“I think coach Ward does a better job of selling Lorenzo Ward than most coaches do,” Andrews said. “He never truly sells Columbia, S.C. He doesn’t sell the University of South Carolina for that matter at first. He builds a relationship with the kids before he starts recruiting. He understands the language you have to speak with those kids. With most of our kids, it’s more about relationships.”

That is something Ward has understood intuitively since 1994, when Chattanooga’s Green told him to drive down I-75 and bring back some football players.

“I think the biggest thing for the inner city kids and especially for the coaches is they want a father figure for most of these young men,” Ward said. “They have to feel comfortable sending their kids to your place. I think that’s something you just have to know when you are dealing with inner city kids and coaches.”

Successful recruiters often become synonymous with their areas of emphasis, and Farrell points to Marshall coach Doc Holliday and Texas coach Charlie Strong, both of whom were famous for their recruiting success in South Florida, as coaches who used that as a stepping stone to a head coaching job.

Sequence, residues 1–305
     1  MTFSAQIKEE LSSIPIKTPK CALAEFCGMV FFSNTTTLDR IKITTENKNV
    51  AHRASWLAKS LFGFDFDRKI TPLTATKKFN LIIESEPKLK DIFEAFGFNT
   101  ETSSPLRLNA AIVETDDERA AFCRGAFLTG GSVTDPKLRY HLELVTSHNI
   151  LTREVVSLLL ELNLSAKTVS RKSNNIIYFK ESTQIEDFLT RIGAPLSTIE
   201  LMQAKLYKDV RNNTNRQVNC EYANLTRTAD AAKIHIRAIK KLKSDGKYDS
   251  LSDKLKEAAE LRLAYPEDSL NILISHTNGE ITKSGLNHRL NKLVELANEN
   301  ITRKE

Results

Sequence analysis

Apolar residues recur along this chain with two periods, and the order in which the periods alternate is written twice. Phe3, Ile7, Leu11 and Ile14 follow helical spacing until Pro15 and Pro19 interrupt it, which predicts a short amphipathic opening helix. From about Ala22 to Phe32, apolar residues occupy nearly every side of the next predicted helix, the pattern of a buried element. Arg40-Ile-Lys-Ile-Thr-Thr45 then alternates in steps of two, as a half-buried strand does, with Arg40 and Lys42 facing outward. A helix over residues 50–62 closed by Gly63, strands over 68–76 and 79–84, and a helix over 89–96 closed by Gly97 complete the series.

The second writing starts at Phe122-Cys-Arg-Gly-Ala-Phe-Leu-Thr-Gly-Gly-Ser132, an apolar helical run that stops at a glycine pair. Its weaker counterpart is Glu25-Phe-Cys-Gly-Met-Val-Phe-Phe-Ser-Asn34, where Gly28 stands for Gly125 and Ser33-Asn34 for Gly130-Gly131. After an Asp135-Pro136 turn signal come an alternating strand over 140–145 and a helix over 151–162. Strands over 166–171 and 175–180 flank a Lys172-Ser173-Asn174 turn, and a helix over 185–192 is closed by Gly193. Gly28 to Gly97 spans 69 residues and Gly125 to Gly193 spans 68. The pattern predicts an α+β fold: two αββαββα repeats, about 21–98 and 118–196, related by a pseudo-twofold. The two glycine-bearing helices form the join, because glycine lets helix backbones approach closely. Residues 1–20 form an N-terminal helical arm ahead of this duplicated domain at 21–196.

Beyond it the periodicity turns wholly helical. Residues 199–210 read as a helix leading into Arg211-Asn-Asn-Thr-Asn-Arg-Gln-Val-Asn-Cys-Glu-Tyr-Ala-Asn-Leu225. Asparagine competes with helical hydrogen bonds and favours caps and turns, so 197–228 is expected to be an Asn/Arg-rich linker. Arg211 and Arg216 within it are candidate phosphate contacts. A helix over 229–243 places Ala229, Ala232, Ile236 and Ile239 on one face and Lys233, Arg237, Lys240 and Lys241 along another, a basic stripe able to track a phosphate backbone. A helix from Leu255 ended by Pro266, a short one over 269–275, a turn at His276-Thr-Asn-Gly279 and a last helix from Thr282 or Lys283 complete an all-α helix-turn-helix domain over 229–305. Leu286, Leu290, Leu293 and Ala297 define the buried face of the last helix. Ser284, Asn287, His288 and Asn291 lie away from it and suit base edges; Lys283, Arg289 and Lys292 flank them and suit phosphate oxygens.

There is no secret to it, Ward promises.

“All it takes is time and effort,” he said.

It’s the time that wins out in the end, Lithonia High’s Jelks said.

“Those (players) continuously see you coming in the building, it feels like they know you,” Jelks said. “The kids kind of look at him as he is a role model, father-figure type guy to them. If you come in the area and you are consistent and those kids see you year in and year out, they get real familiar with you so it feels like they are going to a place where they know someone.

“It’s like he’s one of our own.”

Ward has come to know Atlanta like a native, maybe better. Two years ago, he took coach Steve Spurrier on a whirlwind recruiting trip that stopped at eight high schools in four hours, and Spurrier was amazed with how Ward navigated the city.

“I know Atlanta like the back of my hand,” Ward said. “I know all the side roads, all the back roads. I know which direction to go in the morning, which direction to go in the afternoon. You have to know those things to get around the city.”

“It’s almost like this is his hometown,” Stephenson High’s Johnson said.

Ward spends less time in Atlanta since being promoted to defensive coordinator two seasons ago. As a position coach, Ward would drive to Atlanta every Thursday night of the football season following the Gamecocks practice and not return until Friday or Saturday, depending on where and when South Carolina’s game that week was.

This year, his only visits during the season were on the two bye weekends. No matter, Banneker’s Andrews said.

“Coach Ward comes with a purpose,” Andrews said. “He does it better when he’s around.”